There have been signs everywhere. The general market indexes have been rising in price to all time new highs for the past month in defiance of long-term breadth as measured by the McClellan Summation Index, the $NYSI (see the declining red dots on chart below). That was rather amazing to watch, particularly the way the NYSI kept falling day after day despite the lingering bullishness on the indexes, and in the end, as always, the NYSI took its toll.

In a head-to-head battle between price and market breadth (the sum of all stocks rising and falling) it may be hard to tell when the battle will end but it will end with breadth winning every time.

Long-term breadth is the most effective indicator of mass market psychology there is.

Even as market appeared to be rising on a few tech stocks alone — AMZN, FB, NFLX, NVDA, GOOGL and most notably AAPL — breadth was saying the bottom was falling out. When those stocks began to crumble (look up charts of FB, NFLX…), this day became all but inevitable.

Signs everywhere. Besides the obvious relentlessness of the NYSI, the economy-sensitive housing stock have been falling for months with the banks beginning to tumble with them (many of the banks broke major price supports today just like in 2007-2008); news low began to outpace new highs in late September and accelerated on October 4th (which also happened in 2007-2008); there were also rare whispers under the surface like the day the Dow made a new high while more than 50% of the SPX stocks were below their 50-day moving averages (last seen at the exact market top in 2007).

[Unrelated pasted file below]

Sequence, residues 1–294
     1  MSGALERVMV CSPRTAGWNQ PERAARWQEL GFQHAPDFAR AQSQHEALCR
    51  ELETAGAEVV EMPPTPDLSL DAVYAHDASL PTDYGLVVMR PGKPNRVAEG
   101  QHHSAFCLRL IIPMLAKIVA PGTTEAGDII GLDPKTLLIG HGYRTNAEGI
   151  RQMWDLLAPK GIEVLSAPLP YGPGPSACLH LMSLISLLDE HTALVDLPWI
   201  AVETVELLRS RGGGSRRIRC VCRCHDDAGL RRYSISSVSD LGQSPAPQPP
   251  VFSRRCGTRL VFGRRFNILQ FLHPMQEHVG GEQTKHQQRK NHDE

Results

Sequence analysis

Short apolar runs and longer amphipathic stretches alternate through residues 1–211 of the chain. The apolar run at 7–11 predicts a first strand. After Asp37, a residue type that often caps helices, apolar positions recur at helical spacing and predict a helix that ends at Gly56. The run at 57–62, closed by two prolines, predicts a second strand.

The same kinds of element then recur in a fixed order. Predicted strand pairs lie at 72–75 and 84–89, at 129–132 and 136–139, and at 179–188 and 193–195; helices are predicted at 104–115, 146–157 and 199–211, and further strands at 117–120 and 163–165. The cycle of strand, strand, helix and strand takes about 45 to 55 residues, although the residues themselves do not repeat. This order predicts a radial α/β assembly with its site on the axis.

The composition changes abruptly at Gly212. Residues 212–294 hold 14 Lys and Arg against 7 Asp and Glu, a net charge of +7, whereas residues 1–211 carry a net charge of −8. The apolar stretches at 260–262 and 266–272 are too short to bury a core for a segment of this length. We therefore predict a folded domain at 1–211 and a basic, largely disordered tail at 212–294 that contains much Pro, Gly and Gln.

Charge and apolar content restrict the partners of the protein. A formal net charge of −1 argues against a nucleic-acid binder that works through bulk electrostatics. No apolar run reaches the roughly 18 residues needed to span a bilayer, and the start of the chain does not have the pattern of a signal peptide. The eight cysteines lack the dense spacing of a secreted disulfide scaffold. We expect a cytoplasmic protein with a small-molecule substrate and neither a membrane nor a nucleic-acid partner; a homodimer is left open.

So is this the beginning finally of the bear market to come that is just as inevitable? Don’t know yet. The market can plunge farther now (as I write this it is in overnight futures trading); it could even crash. But it won’t be a bear market for sure until it rallies and that rally fails below the previous highs in the price of the major indexes.

I seldom have anything to say about fundamentals, since the technical trumps the fundamental every time, but probably I should mention when one considers what comes next, the here-and-now is a bull market that is ten years old, interest rates are rising, unemployment is at its lowest level in forever, margin debt in stocks is near its high and at an astronomical level; there has been a tulip craze in crypto-currencies, a mania in block-chains, and the strongest sector in the market right now is the weed patch, marijuana stocks.